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The Tangent - The Music That Died Alone CD (album) cover


The Tangent


Eclectic Prog

3.99 | 355 ratings

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Queen By-Tor
Special Collaborator
Honorary Collaborator
4 stars The music didn't die. it just went to sleep.

There's been a lot of music that has been described as ''by fans, for fans'', but this supergroup formed by Parallel or 90 Degrees frontman Andy Tillison, guitarist/multi instrumentalist Guy Manning, and keyboard playing Sam Baine - and Mr. Flower Kings himself, Roine Stolt, really has to take the cake for best executed. The Tangent originally started off as a one shot deal when Tillison decided he wanted to do something very progressive and away from his original band. As is known about Tillison through later songs (and a novel no doubt), he had tried to get a record deal in the late 70s with prog music but was turned away since no one wanted to invest into a prog band at that time - their time was up. So it wasn't until the early '00s that Tillison, Manning and Baine would finally make their dream band, and with a couple of prog heroes no doubt. David Jackson of Tillison's idol Van Der Graff Generator lends his sax to this debut offering with half of Parallel or 90 Degress and half of The Flower Kings. making up the rest of the band.

So what exactly are we dealing with then in terms of style? Well, being that the band was formed by a keyboard player who was in love with bands like Yes and openly fauns over them in his liner notes, interviews and novel, we have a keyboard heavy record supported by a strong and experienced guitar player who has been around since the 70s - one Roine Stolt of Kaipa and The Flower Kings. Oddly enough there's also a very prominent bass, which at time takes driving force making for a very 'pounding' record at times. There are only four compositions on the record, each constructed out of several shorter songs that make a whole (other than the third track). The subject matter for these pieces are generally cynical and could be seen spoken through gritted teeth as the title of the album was suggest. The title track especially, dealing with the way the music industry put prog music under the ax, ''in our darkened homes we'll chance a listen to the music that died alone''. This record really feels like ot should have been made in the 70s, but it still maintains a contemporary feel thanks to the modern production and the reminiscing feel it has to it.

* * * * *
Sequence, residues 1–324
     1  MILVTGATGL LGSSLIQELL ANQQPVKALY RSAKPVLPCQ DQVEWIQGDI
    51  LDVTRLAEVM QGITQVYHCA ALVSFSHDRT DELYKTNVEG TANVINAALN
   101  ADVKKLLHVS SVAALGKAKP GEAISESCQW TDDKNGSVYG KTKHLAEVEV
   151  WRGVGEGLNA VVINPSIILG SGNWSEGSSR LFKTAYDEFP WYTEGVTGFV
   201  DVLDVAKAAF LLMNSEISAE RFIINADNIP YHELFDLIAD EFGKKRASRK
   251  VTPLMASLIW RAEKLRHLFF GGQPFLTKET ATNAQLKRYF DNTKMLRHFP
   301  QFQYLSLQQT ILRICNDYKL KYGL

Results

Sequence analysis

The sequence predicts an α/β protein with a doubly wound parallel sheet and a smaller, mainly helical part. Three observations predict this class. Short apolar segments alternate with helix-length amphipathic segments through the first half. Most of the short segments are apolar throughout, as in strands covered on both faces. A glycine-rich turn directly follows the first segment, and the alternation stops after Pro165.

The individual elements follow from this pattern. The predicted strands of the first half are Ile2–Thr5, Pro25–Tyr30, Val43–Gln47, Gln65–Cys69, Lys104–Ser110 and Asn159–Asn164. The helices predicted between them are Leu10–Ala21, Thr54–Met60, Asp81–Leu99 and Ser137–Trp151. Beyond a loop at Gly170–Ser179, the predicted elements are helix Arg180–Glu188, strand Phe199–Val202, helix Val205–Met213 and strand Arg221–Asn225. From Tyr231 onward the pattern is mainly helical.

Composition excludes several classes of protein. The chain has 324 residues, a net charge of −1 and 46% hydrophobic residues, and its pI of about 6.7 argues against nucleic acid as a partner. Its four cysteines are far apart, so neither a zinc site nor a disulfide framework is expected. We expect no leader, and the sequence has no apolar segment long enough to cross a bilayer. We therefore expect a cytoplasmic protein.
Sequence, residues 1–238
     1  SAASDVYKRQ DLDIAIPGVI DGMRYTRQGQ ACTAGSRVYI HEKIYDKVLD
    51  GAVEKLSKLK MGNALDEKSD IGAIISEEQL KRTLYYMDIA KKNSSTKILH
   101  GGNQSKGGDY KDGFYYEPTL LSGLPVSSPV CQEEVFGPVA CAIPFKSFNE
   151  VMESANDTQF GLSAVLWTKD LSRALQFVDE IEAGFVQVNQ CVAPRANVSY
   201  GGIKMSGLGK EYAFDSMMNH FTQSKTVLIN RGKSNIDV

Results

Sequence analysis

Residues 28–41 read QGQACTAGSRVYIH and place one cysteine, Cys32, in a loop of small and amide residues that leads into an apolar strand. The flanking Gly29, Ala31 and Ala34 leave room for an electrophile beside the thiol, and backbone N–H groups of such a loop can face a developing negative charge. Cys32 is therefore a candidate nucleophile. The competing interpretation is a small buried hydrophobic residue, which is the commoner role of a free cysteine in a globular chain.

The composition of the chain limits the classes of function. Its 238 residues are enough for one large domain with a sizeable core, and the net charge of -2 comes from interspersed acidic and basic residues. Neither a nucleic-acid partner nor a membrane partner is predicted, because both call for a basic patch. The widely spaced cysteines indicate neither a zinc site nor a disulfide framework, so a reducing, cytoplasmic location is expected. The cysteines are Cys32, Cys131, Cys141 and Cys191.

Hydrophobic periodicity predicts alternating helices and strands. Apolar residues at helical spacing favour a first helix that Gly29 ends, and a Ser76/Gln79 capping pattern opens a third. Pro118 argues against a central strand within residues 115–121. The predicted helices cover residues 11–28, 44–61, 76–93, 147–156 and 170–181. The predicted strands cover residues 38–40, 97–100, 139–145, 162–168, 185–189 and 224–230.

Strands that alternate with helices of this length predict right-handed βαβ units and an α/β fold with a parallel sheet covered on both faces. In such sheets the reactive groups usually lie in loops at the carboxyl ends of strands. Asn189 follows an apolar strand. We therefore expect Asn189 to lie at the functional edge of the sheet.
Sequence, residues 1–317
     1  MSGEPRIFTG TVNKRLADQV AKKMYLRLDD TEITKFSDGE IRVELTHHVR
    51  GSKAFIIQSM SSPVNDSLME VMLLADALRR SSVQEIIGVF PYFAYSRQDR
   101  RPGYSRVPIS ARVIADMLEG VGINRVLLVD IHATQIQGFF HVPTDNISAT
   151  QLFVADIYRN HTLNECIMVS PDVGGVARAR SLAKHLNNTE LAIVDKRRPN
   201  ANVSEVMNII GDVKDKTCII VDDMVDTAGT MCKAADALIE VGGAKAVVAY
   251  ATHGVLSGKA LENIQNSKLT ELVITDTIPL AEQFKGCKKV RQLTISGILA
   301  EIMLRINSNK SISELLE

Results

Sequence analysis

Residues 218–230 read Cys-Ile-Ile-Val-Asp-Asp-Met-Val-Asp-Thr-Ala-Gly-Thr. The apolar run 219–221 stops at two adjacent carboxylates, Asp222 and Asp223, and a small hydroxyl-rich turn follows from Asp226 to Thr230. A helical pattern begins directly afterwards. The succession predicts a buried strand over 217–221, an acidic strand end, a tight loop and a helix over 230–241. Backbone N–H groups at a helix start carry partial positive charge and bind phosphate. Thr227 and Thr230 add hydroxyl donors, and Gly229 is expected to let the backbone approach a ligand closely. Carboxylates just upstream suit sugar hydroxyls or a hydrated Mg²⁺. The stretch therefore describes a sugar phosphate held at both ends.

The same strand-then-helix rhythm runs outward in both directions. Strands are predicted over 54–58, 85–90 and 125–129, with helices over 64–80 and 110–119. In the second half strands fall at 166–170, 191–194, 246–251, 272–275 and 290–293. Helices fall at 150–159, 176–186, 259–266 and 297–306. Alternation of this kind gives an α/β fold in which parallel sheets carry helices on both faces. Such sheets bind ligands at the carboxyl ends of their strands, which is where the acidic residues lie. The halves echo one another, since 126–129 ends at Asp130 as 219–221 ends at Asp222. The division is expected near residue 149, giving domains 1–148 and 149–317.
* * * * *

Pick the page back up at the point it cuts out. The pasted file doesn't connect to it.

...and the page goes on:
There's really no low points to the album and nothing that stands out particularly above the rest since the album really is consistently even. All the songs work well together and don't fight for your attention, even the 20 minute behemoth In Darkest Dreams doesn't overpower the shortest song on the album, the 7-minute (somewhat melancholic) rocker Up-Hill From Here. The Canterbury Sequence feels a lot more modern than a lot of the old Canterbury felt, thus making for a great new spin on the subgenre (although more paying tribute to instead of trying to be part of the genre) which includes a cover of Hatfield and the North's Chaos At The Greasy Spoon stuck right in the middle of the song. The formally mentioned title track, The Music That Died Alone is the second longest song on the album clocking in at 12-minutes, this one featuring some mean piano work from Tillison as well as some emotive melodies that can really chill the spine.

Tillison and Stolt work excellently together on this effort, each being seen as a different face of prog rock. Many people see Tillison as very dark and cynical like King Crimson while others see Stolt as very bright and in the clouds like Yes. They play off each other like a yin yang here to provide a swirl of tones that is often forgotten in modern prog. For those who are wondering who takes the vocal helm out of the two singers - it's both really. Tillison provides the dominant amount of vocals even if Stolt is the first voice you hear on the record.

Prog music by prog appreciators for prog appreciators, this is a record that is very refreshing when trying to ingest all the ways prog has gone since the 70s. This one has a very symphonic feel to it with obvious Canterbury influences, and is recommended for fans of either of those two genres and to anyone who accepts that good prog music didn't end when the music (prog) played dead at the end of the 70s. 4 darkest dreams out of 5! An excellent addition to any prog library and highly recommended. Luckily this didn't end as a one-album project - The Tangent would be back for more.

Queen By-Tor | 4/5 |


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